Imagine travelling back to the turn of the 18th century and having a conversation with Newton, armed with your knowledge of modern physics, in particular, quantum theory. You try to "explain" the new theories to him: what have we observed, and how does this change our ideas of fundamental physics? My question is the following:
- What experiments could have been performed while Newton was alive, which could illustrate the need for quantum theory? For example, I imagine that using telescopes and prisms, they could observe discrete spectral lines from celestial bodies, but they wouldn't be able to observe the photoelectric effect in the usual way.
- What is the "minimal set of concepts" that you would have to introduce to explain the key part of the theory (I realize this is subjective, so take this to mean the postulates of the Copenhagen interpretation)? This can include concepts from mathematical analysis - for example, I imagine you would need to define the idea of a Hilbert space - but also from physics or philosophy.
Please include any other issues you think may be relevant. Thanks!
Edits after question was closed due to being opinion-based:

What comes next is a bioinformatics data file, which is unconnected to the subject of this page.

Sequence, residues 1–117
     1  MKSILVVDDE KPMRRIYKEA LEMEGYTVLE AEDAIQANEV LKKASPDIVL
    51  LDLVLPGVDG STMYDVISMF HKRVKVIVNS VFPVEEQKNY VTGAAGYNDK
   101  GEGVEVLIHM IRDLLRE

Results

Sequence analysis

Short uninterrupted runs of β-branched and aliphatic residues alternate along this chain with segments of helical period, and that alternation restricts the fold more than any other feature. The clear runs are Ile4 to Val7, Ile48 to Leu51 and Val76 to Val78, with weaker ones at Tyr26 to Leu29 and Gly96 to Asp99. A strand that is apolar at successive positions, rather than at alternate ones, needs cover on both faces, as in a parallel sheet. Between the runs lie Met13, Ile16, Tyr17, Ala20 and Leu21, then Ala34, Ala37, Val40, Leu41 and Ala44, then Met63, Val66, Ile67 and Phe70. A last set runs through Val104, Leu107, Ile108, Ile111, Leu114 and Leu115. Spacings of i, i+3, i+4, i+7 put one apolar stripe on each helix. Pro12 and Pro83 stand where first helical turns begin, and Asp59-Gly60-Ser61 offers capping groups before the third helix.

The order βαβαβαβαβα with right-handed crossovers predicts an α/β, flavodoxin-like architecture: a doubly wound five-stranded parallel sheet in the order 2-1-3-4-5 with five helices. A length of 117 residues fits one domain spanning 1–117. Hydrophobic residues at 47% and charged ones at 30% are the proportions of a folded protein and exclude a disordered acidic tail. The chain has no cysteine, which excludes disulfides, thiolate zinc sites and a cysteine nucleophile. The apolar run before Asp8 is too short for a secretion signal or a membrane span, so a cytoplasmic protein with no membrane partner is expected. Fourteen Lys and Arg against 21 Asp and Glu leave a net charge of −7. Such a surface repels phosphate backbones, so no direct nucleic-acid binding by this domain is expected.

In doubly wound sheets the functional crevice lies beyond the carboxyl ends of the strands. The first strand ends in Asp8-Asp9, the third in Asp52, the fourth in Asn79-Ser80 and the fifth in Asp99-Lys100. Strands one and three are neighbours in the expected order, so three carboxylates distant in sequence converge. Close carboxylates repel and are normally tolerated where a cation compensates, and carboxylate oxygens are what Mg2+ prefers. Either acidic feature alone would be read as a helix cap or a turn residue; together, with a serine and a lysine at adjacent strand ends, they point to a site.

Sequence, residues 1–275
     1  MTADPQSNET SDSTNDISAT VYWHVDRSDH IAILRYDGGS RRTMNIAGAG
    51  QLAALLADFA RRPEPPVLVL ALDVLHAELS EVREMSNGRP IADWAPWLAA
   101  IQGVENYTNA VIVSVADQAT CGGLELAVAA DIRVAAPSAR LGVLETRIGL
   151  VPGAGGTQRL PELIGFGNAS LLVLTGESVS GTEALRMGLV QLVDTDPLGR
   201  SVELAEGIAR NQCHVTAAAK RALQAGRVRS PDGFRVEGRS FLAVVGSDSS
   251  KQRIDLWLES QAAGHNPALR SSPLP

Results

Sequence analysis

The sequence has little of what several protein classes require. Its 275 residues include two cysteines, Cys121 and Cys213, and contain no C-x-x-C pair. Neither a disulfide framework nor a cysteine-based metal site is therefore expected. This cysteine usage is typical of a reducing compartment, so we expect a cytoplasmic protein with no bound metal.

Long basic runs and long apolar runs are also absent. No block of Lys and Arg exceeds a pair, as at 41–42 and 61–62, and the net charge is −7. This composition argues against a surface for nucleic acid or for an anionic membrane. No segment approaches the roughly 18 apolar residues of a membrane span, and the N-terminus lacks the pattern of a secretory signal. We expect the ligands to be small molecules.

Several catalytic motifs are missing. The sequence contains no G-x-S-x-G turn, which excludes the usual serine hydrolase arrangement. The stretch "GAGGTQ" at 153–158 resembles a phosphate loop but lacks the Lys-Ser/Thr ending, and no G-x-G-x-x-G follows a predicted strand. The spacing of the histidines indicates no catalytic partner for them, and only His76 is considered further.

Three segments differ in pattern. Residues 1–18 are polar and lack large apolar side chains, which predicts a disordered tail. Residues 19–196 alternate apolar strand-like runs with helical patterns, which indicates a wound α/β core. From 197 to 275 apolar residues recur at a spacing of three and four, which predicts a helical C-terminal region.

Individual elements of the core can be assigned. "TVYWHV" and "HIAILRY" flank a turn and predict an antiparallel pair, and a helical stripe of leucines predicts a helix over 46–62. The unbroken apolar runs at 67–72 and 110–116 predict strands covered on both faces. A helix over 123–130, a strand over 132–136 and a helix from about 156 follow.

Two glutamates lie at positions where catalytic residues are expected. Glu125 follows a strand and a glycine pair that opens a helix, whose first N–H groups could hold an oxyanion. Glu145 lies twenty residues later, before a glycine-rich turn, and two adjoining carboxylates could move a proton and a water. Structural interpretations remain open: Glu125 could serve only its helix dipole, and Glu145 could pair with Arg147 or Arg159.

I would like to clarify that I am not asking a question about pedagogy, i.e. what didactic methods you would use to explain quantum theory to him. I am also not asking a question about engineering, i.e. how you would use the technology available at the time to construct experiments that would be convincing.
I am asking about what the essential elements are in the gap between the knowledge of a very advanced 18th century physicist (or, as pointed out by someone in the comments, a very intelligent high-school student today with knowledge of Newtonian mechanics) and say, a second- or third-year undergraduate student today, who although may not be familiar with more advanced aspects and subtleties of quantum theories, has an appreciation of phenomena which point to the need for quantum mechanics, as well as the mathematical formalism used in the theory (states, operators, measurements, etc.).
So in a nutshell, my question (which may need to be split into several questions) is about what is contained in the conceptual gap and the technological gap (this is the part about what experiments we would have been able to talk to him about) between Newton's time and today.